"nuts are a fruit" Just like poor old Mr. Logic!

http://i1.wp.com/viz.co.uk/wp-content/uploads/2015/03/Screen-Shot-2015-03-18-at-18.30.24.png

p.s. I don't think that walnuts and pecans are botanical nuts. Viz has let itself down badly.

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Oh dear, Prime Minister! Nearly 100 Beeb bosses make more than you

Symon
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Pint

Re: downhill

BBC3 reached its zenith with Monkey Dust ... and that, darling, is what really happened.

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IT error at Great Western Railway charging £10k for 63-mile journey ticket

Symon
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Holmes

Re: small city @Spudley

^What Peter said. There was this hot barmaid down the pub doing a psychology degree at a former poly. She could barely string a written sentence together, I guess no-one had taught her decent English language skills. I spent an evening reading about "theory of mind" on the internet and rewrote her dissertation in a few hours. We got a 'Desmond'.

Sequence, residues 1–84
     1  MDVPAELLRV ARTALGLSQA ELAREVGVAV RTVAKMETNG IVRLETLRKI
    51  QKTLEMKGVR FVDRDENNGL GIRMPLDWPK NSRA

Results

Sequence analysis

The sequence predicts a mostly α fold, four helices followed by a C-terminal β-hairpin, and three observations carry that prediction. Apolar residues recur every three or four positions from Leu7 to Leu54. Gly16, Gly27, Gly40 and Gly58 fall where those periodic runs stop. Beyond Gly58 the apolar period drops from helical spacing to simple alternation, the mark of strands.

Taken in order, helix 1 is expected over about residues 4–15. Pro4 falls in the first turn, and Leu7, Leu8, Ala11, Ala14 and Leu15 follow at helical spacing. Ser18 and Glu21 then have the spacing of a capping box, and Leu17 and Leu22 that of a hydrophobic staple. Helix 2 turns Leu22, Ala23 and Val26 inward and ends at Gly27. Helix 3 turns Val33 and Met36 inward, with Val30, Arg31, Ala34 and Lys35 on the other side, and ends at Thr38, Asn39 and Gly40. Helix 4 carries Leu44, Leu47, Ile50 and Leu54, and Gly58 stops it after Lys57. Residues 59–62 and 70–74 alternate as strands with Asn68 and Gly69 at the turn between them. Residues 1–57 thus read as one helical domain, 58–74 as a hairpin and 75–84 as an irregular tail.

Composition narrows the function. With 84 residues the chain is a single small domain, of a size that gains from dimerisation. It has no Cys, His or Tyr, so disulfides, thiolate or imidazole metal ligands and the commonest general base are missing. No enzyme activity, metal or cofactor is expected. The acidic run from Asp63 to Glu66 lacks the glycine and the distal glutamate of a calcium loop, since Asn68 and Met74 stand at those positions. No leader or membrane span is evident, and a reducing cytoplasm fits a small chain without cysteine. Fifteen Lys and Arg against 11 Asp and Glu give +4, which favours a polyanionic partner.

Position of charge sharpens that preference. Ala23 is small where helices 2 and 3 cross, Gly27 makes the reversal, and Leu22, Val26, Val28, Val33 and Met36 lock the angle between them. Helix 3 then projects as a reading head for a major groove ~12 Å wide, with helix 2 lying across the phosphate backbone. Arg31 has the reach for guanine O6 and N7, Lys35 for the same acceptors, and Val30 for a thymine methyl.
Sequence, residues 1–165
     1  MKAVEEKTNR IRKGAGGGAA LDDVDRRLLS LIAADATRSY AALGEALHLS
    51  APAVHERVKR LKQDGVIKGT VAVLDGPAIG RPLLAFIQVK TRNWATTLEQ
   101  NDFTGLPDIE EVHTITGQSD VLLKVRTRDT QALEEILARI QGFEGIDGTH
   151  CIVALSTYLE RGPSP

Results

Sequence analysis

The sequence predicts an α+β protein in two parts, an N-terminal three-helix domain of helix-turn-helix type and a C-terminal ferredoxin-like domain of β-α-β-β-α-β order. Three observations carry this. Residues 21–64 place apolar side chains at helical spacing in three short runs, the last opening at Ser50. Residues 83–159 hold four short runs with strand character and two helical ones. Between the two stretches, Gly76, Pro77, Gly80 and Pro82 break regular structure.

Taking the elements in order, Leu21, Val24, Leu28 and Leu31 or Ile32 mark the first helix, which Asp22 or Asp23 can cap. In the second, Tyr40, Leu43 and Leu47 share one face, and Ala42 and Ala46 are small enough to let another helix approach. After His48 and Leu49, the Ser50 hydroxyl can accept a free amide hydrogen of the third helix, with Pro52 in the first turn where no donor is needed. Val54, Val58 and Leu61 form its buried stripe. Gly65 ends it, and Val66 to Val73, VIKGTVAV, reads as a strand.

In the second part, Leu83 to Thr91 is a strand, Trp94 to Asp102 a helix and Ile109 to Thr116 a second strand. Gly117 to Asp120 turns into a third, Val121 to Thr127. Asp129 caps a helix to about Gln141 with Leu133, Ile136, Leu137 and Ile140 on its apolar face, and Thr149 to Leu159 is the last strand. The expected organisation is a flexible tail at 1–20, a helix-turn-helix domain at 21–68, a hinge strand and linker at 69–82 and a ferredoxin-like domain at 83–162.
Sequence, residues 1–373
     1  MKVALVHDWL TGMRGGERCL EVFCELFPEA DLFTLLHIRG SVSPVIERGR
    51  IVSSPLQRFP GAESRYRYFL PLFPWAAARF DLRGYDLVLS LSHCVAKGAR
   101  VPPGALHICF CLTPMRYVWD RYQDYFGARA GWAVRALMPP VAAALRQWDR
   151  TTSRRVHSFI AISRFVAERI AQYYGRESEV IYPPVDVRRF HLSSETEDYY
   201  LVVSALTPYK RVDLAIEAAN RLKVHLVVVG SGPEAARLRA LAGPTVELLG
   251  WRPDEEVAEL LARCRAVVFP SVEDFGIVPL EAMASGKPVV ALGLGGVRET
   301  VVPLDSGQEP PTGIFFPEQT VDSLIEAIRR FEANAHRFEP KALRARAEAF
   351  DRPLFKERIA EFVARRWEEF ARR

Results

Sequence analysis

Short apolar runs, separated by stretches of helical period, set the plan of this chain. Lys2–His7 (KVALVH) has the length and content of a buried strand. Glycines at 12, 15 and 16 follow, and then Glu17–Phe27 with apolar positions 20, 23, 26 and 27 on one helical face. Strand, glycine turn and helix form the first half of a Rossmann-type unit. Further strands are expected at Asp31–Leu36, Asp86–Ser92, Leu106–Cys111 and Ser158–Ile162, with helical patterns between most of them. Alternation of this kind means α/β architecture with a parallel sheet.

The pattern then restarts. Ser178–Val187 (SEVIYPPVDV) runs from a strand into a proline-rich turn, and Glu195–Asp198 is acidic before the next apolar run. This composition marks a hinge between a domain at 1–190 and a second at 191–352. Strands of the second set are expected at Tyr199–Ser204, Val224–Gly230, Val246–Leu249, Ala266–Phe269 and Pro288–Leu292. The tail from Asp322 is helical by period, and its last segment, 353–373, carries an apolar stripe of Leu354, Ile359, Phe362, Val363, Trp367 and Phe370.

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Symon
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Coat

Re: small city

Ah, Half man half biscuit. Trouble over Bridgwater.

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Jimbo announces Team Wikipedia: 'Global News Police'

Symon
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Paris Hilton

Re: Filtering Fake news

Laf, here's what a real news organisation does.

http://www.bbc.co.uk/editorialguidelines/guidance/terrorism-language/guidance-full

"Definitions. Unfortunately, there is no agreed or universal consensus on what constitutes a terrorist, or a terrorist attack. Dictionaries may offer definitions but the United Nations has again just failed to reach agreement. The obvious reason is that terrorism is regarded through a political prism."

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Give 'bots a chance: Driverless cars to be trialled between London and Oxford